American Poltergeist: The Curse of Lilith Ratchet, 2018.
Written and Directed by Eddie Lengyel.
Starring KateLynn E. Newberry, Rob Jaeger, Roger Conners and Angela Cole.
Alice and her best friend Lauren inadvertently set a hellish curse in motion after surprisingly acquiring a mysterious shrunken head. Wanting to know more about their fiendish find, they pay a visit to a popular paranormal podcast host Hunter Perry of “Beyond the Veil”. Hunter discovers it’s true authenticity of the ages-old object and in hopes of creating a rating boost, he plans a live podcast in which the tale of the shrunken head will be introduced to the masses. Little do they know by playing the game and calling her name they will release the malevolent demonic spirit of Lilith Ratchet.
Okay, I’m just gonna cut to the chase, get down to brass tacks, give you the skinny. The Curse of Lilith Ratchet is bad. Real bad. I could stop there and let you go on your merry way, but I figure since you’ve taken the time to see what I have to say about this train-wreck, I ought to go on.
Lets start with what the film does right…
… And with that out of the way, let’s move on to what the film does competently.
The acting is fine. I don’t mean fine as in good, I mean fine as in passable. There are no dreadfully delivered lines or laughter inducing overactions, no “They’re eating her… and then they’re going to eat” moments, and nobody looks straight into the damn camera. However, the actors do little to sell their characters, and I’ve seem more charm and charisma at a Magic the Gathering tournament.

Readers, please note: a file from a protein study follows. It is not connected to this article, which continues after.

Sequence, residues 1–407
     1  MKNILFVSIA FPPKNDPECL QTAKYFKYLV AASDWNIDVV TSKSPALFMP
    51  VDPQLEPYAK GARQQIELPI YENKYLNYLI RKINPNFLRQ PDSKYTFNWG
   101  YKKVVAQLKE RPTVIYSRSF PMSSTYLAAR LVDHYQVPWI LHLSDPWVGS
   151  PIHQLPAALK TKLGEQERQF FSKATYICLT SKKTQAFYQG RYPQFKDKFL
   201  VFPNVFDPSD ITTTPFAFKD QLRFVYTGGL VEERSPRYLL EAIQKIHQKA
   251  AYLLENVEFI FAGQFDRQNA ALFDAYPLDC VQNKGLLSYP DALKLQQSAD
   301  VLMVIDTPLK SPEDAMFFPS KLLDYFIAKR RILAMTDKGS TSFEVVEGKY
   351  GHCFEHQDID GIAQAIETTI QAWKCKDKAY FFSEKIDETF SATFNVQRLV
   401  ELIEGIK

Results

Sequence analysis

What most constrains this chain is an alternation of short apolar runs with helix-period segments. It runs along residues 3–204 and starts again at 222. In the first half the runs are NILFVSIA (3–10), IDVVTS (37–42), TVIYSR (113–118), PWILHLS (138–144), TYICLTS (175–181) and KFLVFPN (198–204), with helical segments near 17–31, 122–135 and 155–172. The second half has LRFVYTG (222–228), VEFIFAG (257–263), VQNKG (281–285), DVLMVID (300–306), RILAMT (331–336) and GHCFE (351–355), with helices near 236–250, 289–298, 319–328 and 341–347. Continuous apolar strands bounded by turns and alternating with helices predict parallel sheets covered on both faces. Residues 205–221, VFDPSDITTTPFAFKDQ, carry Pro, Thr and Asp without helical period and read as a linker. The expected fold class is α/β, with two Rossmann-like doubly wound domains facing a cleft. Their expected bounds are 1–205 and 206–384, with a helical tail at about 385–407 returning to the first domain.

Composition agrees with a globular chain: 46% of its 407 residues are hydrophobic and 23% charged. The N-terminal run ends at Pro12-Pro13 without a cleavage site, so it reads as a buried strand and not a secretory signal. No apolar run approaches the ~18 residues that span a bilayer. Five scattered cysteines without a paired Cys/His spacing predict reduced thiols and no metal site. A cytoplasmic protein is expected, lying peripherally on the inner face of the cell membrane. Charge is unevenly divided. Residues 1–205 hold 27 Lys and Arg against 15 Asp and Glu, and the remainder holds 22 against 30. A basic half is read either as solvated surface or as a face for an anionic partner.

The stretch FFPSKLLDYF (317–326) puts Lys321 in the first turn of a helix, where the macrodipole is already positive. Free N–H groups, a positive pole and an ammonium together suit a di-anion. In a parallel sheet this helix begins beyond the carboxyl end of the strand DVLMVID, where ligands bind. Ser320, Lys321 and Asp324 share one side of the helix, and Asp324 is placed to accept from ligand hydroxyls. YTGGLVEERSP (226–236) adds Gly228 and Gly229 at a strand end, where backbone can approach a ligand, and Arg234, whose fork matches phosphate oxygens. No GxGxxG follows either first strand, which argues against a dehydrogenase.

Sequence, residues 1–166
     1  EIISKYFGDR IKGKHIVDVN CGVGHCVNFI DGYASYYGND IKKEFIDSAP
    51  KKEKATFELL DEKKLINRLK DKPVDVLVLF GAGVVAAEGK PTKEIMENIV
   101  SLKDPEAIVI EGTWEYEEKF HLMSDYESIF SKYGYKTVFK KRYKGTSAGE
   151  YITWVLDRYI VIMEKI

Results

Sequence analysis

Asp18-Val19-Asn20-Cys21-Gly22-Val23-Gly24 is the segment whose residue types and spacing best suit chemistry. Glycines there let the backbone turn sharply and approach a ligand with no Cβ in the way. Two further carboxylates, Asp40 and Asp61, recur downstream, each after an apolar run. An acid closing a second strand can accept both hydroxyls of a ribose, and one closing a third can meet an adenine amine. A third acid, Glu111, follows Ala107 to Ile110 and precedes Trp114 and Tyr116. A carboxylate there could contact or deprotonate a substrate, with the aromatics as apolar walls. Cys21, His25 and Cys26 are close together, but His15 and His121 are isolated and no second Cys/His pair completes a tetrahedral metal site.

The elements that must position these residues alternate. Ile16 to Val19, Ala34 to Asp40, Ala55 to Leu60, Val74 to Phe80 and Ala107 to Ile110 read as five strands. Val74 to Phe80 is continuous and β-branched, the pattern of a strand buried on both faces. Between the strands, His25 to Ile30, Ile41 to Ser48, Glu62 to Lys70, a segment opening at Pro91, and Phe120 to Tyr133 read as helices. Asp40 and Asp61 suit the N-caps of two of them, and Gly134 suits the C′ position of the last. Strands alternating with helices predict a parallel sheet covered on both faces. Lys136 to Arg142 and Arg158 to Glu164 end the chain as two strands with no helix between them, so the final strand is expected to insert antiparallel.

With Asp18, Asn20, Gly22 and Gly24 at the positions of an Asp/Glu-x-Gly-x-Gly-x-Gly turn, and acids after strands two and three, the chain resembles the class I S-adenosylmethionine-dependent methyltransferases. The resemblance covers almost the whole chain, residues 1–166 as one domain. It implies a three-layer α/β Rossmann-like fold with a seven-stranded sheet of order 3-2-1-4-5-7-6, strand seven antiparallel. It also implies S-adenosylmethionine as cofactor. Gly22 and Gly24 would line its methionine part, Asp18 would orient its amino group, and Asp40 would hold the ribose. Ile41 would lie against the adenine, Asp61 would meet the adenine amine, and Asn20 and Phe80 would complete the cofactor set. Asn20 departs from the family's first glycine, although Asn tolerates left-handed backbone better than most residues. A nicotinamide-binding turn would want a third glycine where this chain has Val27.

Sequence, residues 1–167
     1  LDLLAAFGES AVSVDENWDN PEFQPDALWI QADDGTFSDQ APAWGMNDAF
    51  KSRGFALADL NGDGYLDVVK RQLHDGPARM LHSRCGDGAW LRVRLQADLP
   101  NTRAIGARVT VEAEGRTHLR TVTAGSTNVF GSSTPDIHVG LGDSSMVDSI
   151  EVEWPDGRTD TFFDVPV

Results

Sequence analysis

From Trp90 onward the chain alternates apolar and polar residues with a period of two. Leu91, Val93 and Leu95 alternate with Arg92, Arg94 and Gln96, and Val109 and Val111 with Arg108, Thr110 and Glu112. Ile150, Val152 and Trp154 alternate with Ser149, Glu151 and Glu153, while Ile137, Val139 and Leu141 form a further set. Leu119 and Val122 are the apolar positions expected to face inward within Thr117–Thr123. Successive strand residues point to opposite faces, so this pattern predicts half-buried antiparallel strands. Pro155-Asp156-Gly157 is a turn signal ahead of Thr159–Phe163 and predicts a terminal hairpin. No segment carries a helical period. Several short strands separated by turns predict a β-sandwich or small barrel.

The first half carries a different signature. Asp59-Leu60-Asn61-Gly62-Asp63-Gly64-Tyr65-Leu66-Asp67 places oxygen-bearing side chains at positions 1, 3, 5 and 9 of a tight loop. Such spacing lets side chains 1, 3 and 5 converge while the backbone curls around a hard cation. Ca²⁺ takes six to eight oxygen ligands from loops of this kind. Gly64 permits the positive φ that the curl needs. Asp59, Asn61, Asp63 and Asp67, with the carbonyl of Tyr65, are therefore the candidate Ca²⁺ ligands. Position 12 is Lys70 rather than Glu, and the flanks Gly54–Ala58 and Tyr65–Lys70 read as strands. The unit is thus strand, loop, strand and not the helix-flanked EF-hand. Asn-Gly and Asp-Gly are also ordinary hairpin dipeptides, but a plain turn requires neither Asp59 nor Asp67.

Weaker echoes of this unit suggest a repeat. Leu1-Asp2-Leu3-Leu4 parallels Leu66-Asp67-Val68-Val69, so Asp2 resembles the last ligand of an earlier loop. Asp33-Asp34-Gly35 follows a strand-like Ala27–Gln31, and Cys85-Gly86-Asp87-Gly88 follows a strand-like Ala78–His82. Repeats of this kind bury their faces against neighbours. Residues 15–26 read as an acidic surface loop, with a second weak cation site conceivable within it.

Aside from the acting, the only other thing the film gets almost right are the fundamentals of camerawork. Nothing’s too wonky or jarring, but occasionally characters switch which side of the screen they are on. The shots are uninspired and amazingly generic, but at least they aren’t capital B bad. The plot, characterisation, and creature design, on the other hand, are.
Looking back at the film, I realise that not a single character actually has an arc. No one has any goals or desires, and the plot – which is literally just “demon kills for ad hoc reason” – only drives them to not die. Ironic, considering The Curse of Lilith Ratchet does little to inspire life in its audience.
Despite all these criticisms, Lilith Ratchet’s biggest sin is that it isn’t bad enough. If only the director had thrown in a few more laughable jump scares, hammy lines, and made the monster look even more like a sun-bleached Halloween mannequin, then The Curse of Lilith Ratchet would have been a perfectly respectable, dreadful movie. As it is, it’s just a bore.
Flickering Myth Rating – Film: ★ / Movie: ★
James Turner is a writer and musician based in Sheffield. You can follow him on Twitter @JTAuthor